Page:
by OLLS Staff
The Legislative Council is scheduled to meet this Wednesday, October 15, to consider the legislation recommended by the interim committees that have met over the 2014 interim. Each of the bills that the Legislative Council approves will be introduced during the first month of the 2015 regular legislative session that convenes January 7, 2015.
Last week, we summarized the bills recommended by four of the 2014 interim committees. This week, we’re summarizing the recommendations of the Wildfire Matters Review Committee, the Marijuana Revenues Committee, and the Water Resources Review Committee.
The WMRC requested that the staff of the OLLS draft seven potential bills and one joint resolution. After one of the bill requests was withdrawn, the committee considered the six remaining bill concepts at its September 26, 2014, meeting. Ultimately, the WMRC approved the following five bills and one joint resolution as recommended legislation for the Legislative Council’s approval or disapproval:
Bill A “Concerning the continuation of funding for the wildfire risk reduction grant program.” In 2013, the General Assembly created the wildfire risk reduction grant program (Senate Bill 13-269) funded through the wildfire risk reduction fund. An initial transfer of $9.8 million was made from the general fund to the wildfire risk reduction fund as a result of that legislation. The bill directs the state treasurer to make another transfer of the same amount, effective July 1, 2015. The prime sponsors of the bill, which will be a Senate Bill if approved, are Senator Nicholson and Representative Exum.
Bill B “Concerning a grant program to promote the use of woody biomass as a fuel source for public buildings.” The bill promotes the use of woody biomass as a fuel source for public buildings by creating the woody biomass grant program, which is funded by an annual $1 million transfer from the general fund for five fiscal years. The executive director of the Department of Natural Resources will award grants to a public entity that will use woody biomass as a fuel source for a public building’s biomass energy system when either the use of the grant allows the public building to be cost-effective when compared with other fuels or the executive director reasonably believes that making the grant provides other substantial benefits as specified in rules. The bill specifies additional matters that must be included in the rules. The prime sponsors of the bill, which will be a Senate Bill if approved, are Senators Nicholson and Jones and Representative Exum.
Bill C “Concerning the status under the ‘Colorado Governmental Immunity Act’ of state employees conducting prescribed fire activity.” The bill clarifies that an employee of the state conducting prescribed fire activity who has been officially certified or recognized by the state as being able to conduct activity and who is acting within the course and scope of his or her employment is covered by existing sovereign immunity provisions except where the employee’s act or failure to act giving rise to the claim of injury was willful or wanton. The prime sponsors of the bill, which will be a House Bill if approved, are Representative Hamner and Senator Roberts.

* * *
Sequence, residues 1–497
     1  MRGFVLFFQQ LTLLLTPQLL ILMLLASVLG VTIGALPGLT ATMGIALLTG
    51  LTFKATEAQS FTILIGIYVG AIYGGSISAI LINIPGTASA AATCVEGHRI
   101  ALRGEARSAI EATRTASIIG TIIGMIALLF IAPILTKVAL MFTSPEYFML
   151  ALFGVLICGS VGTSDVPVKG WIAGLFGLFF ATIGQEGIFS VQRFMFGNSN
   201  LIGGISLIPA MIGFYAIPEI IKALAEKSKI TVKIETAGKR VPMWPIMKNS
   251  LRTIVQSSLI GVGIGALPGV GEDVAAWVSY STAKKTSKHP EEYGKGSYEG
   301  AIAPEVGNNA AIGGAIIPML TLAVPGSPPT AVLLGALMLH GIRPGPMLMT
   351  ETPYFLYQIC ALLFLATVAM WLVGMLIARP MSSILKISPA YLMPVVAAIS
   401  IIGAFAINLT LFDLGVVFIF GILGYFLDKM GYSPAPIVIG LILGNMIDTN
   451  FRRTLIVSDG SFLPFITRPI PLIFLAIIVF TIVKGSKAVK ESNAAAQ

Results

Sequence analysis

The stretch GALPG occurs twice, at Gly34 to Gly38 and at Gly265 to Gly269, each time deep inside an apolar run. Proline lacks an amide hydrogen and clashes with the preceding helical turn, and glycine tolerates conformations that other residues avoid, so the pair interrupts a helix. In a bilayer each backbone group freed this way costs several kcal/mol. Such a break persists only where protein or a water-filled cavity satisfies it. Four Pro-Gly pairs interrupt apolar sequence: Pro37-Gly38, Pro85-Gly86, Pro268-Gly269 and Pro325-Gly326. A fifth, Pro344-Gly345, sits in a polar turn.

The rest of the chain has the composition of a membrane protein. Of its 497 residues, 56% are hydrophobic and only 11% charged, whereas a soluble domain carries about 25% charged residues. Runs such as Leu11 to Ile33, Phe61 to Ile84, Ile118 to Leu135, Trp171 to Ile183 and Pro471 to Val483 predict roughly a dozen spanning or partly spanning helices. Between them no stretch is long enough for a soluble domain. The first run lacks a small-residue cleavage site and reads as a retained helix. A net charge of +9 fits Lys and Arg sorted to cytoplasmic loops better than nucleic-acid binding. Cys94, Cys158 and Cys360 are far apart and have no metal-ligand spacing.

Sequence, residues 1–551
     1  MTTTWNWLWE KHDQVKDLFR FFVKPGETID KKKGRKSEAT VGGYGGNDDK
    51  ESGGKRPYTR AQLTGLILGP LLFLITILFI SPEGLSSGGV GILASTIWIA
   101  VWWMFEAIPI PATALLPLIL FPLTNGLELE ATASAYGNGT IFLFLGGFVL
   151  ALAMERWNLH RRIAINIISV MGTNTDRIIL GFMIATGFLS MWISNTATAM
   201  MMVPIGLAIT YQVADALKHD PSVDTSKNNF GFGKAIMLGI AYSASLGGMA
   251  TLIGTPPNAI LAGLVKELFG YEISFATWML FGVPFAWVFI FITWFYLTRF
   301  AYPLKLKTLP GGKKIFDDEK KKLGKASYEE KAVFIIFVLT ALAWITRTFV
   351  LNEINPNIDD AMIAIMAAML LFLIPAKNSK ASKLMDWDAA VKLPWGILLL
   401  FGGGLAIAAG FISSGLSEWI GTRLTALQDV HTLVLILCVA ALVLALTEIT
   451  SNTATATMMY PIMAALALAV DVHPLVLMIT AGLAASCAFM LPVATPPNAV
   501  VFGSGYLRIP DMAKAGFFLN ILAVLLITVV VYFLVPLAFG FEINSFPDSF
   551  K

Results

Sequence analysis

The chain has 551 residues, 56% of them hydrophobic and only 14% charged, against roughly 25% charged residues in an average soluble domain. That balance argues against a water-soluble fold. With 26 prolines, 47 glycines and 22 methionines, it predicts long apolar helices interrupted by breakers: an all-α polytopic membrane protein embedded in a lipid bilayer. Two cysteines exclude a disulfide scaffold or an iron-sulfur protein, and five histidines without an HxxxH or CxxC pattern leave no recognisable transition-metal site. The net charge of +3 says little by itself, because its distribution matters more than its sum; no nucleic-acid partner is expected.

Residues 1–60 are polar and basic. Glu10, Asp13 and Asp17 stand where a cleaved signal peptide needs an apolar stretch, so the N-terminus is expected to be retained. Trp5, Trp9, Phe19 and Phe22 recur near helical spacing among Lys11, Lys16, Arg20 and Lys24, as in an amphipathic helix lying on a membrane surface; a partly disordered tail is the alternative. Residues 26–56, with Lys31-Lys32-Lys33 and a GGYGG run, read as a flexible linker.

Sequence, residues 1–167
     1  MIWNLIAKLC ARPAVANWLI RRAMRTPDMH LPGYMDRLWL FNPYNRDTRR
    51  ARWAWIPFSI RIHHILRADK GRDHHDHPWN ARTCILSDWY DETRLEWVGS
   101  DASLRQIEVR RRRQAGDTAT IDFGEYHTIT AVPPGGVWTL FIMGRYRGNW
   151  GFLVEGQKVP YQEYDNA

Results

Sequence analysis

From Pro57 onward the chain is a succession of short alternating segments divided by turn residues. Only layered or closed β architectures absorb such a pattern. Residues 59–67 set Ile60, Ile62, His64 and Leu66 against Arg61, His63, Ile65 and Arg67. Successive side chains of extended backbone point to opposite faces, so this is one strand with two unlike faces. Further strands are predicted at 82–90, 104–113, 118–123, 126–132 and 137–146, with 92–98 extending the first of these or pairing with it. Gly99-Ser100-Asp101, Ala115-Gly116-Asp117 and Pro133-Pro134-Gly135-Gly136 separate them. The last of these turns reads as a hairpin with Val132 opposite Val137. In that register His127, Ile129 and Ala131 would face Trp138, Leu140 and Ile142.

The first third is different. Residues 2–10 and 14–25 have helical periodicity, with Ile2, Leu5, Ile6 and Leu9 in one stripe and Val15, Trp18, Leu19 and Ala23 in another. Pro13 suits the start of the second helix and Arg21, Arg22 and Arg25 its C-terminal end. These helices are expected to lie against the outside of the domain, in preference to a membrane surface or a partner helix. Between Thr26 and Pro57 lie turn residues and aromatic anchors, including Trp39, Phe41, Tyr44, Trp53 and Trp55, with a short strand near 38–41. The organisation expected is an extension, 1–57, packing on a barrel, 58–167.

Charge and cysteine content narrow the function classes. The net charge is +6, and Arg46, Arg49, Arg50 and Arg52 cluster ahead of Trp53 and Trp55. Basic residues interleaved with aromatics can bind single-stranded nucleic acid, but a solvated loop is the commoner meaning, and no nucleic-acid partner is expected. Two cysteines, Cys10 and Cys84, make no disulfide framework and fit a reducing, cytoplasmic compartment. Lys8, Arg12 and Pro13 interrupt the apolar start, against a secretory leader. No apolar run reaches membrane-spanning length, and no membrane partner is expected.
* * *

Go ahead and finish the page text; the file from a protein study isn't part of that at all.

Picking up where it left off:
Bill D “Concerning nongovernmental volunteer fire departments in Colorado, and, in connection therewith, enacting the ‘Volunteer Fire Department Organization Act’.” To assist areas that currently lack full-time fire protection services, the bill sets forth a framework to establish and maintain volunteer fire departments that are recognized by the Division of Fire Prevention and Control in the Department of Public Safety. The bill also makes available grants for technical and funding assistance for the establishment of volunteer fire departments recognized by the division. The prime sponsors of the bill, which will be a House Bill if approved, are Representatives Buck and Hamner and Senator Roberts.
Bill E “Concerning the classification of agricultural land when the land is destroyed by a natural cause.” The bill specifies that, if agricultural land is destroyed by a natural cause on or after January 1, 2014, and, were it not for the destruction, the land would have qualified as agricultural land for the following property tax year, the agricultural land classification will remain in place for the year of destruction and the four subsequent property tax years unless certain exceptions apply. The prime sponsors of the bill, which will be a House Bill if approved, are Representatives McLachlan and Hamner and Senator Roberts.
Resolution A “Concerning requests to the federal government regarding support for wildland fire suppression.” This joint resolution asks the federal government to:
(1) Create a separate fire suppression line item in the federal budget; and
(2) Purchase and deploy additional aerial firefighting equipment to assist in fighting wildfires across the country.
The prime sponsors of the resolution, which will be a House Joint Resolution if approved, are Representative Exum and Senator Roberts.